You have a new name, an exciting new brand platform, and a breakthrough idea for an ad campaign. You’re ready support brand launch! Then budgeting reality hits and now you feel like a NASA astronaut stuck on the launch pad, grounded by a weather delay or mechanical issue. Dollars spent on the up-front planning phase have greatly reduced what’s available on the back-end. Or, senior leadership has determined that operational issues need to be in place prior to brand launch. Remember, these costs are coming out of your budget.
With countless branding initiatives taking place among hospitals throughout the U.S., balancing budget issues with effective support of brand launch plans might have you seeing stars, and not from light years away.
A new brand strategy is more than just the promotional component. It’s actually a 5-step process that includes developmental, operational, inspirational, promotional, and cultural elements – all competing for marketing launch dollars. So, given limited resources, how do you best determine where to put your dollars? How much to allocate for each stage? Sticking with the space analogy, there are different boosters that require fuel budgeting. They are based on their role in the flight mission. Just imagine what percentage of the total budget requires to leave earth’s atmosphere!
For all of us who aren’t rocket scientists, here’s a breakdown of each “booster” stage. In the brand strategy, process and how the budgeting process can be allocated based on a budget of $1 Million. This does not include departmental costs such as overhead, etc.
Developmental – 15%
Dollars invested in the development of your brand strategy are essential. It’s the starting point of your story. The brand journey should include stakeholder interviews, quantitative market research, focus groups, and internal workshops. If a new name and identity are born from this step, this will require monies to create/test different approaches, tag lines, and naming strategies. That’s the operative word, “strategy,”. Knowing where you want to go, will save you considerable time, money, and resources in the long run.
Operational – 20%
Several organizations we have recently worked with have had to taper their launch plans due to the unexpected costs of signage and other operational investments. Name badges, exterior signs, interior way-finding, business cards, window stickers, to name just a few! With multiple entities and physician practices comprising new health systems, the operational costs can be staggering. So, while it’s important to be consistent out of the gate of a brand launch, there are opportunities to phase-in operational items based on priorities and budget planning.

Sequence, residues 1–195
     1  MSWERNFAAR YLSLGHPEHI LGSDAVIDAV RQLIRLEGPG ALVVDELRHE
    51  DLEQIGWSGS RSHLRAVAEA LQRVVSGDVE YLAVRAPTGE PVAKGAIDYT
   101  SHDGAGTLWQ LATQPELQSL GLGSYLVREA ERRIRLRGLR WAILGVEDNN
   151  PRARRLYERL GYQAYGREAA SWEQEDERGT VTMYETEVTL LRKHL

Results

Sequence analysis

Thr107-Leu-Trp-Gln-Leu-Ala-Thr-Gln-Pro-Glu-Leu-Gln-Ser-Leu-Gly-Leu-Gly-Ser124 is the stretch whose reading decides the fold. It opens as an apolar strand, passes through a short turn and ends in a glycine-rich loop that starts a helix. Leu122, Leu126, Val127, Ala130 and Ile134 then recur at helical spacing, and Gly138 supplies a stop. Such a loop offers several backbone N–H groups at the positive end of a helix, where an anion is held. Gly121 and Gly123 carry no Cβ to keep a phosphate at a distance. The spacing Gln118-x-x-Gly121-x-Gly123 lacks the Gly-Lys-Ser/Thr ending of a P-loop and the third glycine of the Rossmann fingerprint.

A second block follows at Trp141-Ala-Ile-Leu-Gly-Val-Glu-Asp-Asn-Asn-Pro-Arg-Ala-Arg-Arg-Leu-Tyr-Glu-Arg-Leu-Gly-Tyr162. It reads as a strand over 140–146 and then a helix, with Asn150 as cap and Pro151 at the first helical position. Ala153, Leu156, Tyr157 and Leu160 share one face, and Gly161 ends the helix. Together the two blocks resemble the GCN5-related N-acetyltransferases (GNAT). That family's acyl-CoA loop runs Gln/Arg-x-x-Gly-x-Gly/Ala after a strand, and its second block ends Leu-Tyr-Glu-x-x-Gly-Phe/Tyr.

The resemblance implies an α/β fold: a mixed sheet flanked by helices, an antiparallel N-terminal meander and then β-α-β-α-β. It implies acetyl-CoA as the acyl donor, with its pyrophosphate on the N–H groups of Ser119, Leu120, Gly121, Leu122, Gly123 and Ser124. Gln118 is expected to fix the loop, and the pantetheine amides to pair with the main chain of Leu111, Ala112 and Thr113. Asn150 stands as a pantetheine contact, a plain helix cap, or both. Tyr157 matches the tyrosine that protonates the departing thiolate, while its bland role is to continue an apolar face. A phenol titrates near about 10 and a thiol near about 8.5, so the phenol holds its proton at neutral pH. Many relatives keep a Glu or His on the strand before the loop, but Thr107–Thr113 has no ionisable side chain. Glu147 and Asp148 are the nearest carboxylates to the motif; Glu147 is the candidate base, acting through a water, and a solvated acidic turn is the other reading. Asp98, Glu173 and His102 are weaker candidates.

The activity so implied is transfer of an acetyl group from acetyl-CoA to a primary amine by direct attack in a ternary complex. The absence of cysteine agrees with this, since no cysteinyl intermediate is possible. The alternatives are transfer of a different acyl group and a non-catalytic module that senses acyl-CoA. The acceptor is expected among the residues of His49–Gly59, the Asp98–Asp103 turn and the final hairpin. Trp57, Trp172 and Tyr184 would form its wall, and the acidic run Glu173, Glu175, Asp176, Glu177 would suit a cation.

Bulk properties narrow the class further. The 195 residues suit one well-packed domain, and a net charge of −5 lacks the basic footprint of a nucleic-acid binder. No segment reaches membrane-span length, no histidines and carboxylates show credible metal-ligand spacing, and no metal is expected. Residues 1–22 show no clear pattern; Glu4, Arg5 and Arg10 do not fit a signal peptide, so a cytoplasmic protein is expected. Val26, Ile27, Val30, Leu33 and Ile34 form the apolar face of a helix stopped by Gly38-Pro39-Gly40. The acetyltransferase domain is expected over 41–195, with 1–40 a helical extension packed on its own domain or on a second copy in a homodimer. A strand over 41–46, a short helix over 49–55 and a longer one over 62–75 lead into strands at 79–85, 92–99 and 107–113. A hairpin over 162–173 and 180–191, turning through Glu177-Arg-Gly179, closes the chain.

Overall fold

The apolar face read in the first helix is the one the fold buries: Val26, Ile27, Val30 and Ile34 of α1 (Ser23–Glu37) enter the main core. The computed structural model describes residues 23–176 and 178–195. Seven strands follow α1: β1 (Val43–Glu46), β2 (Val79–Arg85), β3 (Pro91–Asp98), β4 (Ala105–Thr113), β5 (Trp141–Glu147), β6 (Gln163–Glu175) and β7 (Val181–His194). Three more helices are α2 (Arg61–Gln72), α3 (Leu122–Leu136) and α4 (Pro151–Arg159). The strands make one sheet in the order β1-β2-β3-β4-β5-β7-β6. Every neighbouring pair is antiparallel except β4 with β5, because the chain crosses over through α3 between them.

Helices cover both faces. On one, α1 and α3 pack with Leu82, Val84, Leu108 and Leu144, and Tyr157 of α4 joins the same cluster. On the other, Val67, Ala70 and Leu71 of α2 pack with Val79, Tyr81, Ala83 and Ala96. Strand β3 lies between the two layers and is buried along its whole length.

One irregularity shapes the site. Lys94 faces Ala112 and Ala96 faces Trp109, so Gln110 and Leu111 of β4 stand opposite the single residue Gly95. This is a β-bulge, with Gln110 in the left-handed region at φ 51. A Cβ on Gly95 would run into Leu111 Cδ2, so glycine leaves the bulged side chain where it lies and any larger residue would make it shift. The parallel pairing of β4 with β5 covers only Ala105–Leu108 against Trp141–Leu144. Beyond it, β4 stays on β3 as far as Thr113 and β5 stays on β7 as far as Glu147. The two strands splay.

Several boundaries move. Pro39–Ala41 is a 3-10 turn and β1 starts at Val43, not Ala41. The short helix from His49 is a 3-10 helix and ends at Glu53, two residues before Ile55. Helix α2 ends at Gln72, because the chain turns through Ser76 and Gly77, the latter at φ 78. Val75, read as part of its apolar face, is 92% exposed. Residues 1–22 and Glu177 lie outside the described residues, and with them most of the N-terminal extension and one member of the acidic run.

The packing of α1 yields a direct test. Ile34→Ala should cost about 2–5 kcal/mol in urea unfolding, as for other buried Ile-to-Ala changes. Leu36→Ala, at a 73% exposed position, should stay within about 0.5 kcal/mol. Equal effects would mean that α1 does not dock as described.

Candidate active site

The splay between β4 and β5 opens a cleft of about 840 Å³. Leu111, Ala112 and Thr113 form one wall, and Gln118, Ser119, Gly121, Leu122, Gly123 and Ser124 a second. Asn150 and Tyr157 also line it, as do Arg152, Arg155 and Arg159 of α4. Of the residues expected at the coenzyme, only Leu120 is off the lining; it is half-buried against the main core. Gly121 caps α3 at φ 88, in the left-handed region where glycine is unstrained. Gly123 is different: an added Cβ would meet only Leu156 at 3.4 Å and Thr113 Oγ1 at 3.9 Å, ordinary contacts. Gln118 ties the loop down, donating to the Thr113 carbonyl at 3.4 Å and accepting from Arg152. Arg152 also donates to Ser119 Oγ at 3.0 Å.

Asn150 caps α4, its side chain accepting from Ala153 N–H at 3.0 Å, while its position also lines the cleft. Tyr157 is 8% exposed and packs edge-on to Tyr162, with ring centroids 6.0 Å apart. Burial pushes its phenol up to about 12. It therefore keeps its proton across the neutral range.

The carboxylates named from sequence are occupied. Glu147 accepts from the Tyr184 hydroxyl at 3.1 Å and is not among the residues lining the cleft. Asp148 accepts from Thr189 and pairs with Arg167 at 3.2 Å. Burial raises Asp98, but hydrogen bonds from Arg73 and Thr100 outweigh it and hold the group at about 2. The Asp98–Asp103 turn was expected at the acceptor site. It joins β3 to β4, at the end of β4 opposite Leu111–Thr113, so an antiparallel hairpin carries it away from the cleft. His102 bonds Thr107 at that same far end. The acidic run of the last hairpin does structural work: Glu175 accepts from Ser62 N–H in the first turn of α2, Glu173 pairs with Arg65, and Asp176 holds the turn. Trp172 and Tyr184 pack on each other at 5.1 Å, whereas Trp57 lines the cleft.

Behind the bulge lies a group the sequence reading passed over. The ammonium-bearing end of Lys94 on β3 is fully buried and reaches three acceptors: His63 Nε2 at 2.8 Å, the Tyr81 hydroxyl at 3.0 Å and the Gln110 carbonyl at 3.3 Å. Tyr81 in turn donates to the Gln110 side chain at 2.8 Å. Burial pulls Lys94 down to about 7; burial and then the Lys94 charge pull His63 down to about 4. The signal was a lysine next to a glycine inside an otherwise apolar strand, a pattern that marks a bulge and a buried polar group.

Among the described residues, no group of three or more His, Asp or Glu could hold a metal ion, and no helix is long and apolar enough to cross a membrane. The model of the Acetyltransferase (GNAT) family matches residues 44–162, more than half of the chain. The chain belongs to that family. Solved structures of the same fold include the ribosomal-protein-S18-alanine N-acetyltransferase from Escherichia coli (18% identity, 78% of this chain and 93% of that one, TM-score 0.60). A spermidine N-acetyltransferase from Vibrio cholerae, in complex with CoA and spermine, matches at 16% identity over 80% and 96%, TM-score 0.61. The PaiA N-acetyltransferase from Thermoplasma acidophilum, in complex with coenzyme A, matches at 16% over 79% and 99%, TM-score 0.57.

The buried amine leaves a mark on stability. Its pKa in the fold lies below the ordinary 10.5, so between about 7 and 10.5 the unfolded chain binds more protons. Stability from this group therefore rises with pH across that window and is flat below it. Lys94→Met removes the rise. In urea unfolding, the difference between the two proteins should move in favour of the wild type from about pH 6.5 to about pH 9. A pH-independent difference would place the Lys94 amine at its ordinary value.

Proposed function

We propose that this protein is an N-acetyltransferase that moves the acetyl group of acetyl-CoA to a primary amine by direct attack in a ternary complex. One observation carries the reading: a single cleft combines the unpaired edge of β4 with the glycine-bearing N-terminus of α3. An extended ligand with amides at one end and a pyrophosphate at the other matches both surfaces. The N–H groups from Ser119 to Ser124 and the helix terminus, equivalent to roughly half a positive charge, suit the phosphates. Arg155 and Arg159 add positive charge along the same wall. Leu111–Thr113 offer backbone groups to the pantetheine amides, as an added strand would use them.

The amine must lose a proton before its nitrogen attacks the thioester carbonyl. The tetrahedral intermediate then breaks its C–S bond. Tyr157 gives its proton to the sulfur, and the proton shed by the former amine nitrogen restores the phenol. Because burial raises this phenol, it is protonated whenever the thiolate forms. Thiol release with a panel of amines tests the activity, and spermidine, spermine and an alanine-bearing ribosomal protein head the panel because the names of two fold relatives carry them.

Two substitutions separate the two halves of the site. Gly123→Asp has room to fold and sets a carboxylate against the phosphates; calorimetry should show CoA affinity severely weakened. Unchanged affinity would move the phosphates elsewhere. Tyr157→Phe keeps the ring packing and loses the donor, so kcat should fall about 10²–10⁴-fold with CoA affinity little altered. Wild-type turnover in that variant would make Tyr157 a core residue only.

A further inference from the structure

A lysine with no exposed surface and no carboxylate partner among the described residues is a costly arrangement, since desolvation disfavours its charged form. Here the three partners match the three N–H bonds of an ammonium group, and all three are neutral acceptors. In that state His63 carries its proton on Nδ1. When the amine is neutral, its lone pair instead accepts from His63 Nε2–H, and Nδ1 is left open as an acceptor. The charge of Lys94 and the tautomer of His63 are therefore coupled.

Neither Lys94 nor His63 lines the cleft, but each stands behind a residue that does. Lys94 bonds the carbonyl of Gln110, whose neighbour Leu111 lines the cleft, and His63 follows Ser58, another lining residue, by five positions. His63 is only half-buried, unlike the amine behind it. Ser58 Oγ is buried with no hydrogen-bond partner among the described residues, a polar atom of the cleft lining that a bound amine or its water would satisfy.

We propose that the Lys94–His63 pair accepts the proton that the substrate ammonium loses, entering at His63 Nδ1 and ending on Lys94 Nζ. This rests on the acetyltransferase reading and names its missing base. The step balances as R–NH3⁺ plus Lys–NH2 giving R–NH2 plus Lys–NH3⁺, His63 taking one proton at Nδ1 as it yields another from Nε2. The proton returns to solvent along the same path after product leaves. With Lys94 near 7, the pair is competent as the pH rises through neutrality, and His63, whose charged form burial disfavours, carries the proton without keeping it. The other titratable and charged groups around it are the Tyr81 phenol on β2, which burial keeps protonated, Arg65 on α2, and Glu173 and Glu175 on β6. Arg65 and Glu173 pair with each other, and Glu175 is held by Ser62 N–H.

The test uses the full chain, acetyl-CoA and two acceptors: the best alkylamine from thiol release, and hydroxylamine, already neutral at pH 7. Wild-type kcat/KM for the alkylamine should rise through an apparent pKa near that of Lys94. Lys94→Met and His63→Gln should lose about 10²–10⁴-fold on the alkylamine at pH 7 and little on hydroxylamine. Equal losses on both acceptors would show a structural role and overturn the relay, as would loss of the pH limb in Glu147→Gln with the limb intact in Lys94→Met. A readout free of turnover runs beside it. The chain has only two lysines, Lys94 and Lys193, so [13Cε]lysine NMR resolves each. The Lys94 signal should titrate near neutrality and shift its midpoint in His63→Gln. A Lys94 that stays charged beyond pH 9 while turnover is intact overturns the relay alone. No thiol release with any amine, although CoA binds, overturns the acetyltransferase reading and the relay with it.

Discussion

Inspirational – 10%
This phase of the branding process is mission critical – gaining engagement among internal stakeholders who will ultimately be responsible for delivering on the brand promise. It’s not just coffee cups anymore, especially among enterprises with multiple entities and thousands of associates. This phase should include integrated presentations, intranet applications, brand ambassador programs, videos, brand books, etc. And the ROI from this stage can be astronomical based on reduced leakage and keeping patients in your system by educating and engaging internal stakeholders.
Promotional – 50%
Suddenly, your million dollar budget is cut in half! So much for that extensive television campaign. But the point is, you’ve done what needs to be done to make it a real brand strategy. It’s not just an advertising campaign. And with 50% of your total budget, there is still a wealth of places to make an impact using offline, online, and social media channels.
Cultural – 5%
During year one of your brand launch, you should allocate dollars for cultural strategies that keep new and existing employees engaged in the brand. Whether it’s special round-tables (or rounding), HR marketing materials, or branding breakfasts for champions, this is an important element of the strategy that keeps the brand position front and center in the minds (and more importantly, the hearts) of your associates.
Recognizing that a brand launch is more than promotional is key to allocating budget dollars. This will save you from being blindsided or short-sighted when it comes to funding all the elements of your strategy. Keep in mind, you are investing in the long-term, as the brand should stay consistent for at least two to three years.
I’m sure those same astronauts awaiting the green light for launch are glad there are dollars in our space program allocated to operational issues.
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